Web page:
348 Teachers College Record school?); engagement in school-related activities (e.g., Are you a member of any clubs, teams, or social organizations at school? Have you ever been an office aide or teacher's assistant?); accommodation to school norms (e.g., How often do you go to school? What do you like and dislike about school? Do you participate in classroom discussions? Describe last Tuesday at school, what did you do? Who are your favorite teachers? Who are your least favorite teachers?); opportunity and differential treatment in school (i.e., Is your school divided into groups? Do you think that everyone has the same opportunity to get good grades? Are students with good grades treated better than, the same as, or worse than students with bad grades?); and social group affiliation in school (i.e., Who do you hang out with in school?). Data collection also involved gathering copies of students' most recent report cards. This form of data collection was necessary in verifying the students' self-reported grade point average and types of courses. The last section of the interview protocol focused on the students' perceptions of opportunity. These questions illuminated students' assessment of whether and how they interpret and explain social equity and inequity, the process of status attainment and mobility, and their perceptions of advantages and disadvantages for the group with which they affiliate and other ethnic groups (e.g., What does it mean to make it in society? What does it take to make it? What type of people make it? Do some groups have better opportunities to make it?). Although these questions signaled students' perceptions of opportunity in society at the macrolevel, other questions captured how students made sense of the opportunity made available to them as individuals in school (e.g., Do you see yourself as having more, less, or the same opportunity as other students in your racial/ethnic group?). Some questions additionally explored the opportunity that they felt was available to the social groups with which they identified, and others in the school (e.g., Do the African American and White students have more, fewer, or the same opportunities in school as the Mexican or Puerto Rican students?). STUDENT PARTICIPANTS The 26 students whom I interviewed are not all discussed in this article or the larger study. In the hope of controlling for immigrant generation, I concentrate on the second and third generation of students, which was the largest group represented. My reasoning is based on immigration research that has established the adaptation process of first-generation immigrants as distinct from that of second and later generations (Portes, 1994; Rumbaut, 1994; Waters, 1990; Zhou, 1997). Such data reduction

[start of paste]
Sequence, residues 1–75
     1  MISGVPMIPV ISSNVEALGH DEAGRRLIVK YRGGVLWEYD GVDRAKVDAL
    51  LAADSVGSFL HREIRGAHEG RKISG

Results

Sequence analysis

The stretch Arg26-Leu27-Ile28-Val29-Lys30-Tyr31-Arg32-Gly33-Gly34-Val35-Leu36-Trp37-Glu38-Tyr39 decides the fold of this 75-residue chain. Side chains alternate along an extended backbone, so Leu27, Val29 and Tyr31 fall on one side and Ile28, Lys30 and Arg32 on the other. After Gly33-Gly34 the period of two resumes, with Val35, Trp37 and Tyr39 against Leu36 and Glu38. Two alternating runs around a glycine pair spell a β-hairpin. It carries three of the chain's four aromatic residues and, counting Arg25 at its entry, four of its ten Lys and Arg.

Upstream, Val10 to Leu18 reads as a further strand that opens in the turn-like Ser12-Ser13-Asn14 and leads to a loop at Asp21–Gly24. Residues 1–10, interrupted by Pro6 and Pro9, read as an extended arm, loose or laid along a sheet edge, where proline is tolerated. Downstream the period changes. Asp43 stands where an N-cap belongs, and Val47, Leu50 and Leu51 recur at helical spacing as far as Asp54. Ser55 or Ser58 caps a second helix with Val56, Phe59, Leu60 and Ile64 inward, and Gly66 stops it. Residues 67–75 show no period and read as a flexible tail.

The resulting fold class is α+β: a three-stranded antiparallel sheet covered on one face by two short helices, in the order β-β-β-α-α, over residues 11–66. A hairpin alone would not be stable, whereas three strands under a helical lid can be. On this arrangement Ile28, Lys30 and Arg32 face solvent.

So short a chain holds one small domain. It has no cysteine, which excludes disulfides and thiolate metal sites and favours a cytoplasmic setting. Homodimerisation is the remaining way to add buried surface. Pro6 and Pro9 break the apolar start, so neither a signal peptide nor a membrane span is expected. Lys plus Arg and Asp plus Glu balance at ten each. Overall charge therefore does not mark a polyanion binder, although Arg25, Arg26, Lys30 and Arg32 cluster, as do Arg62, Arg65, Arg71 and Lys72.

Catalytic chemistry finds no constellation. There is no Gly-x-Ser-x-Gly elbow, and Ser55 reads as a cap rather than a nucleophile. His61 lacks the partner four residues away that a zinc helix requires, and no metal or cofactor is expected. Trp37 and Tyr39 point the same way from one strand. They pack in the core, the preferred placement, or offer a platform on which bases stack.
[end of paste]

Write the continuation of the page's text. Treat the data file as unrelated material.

Latino Students' Schooling Experiences 349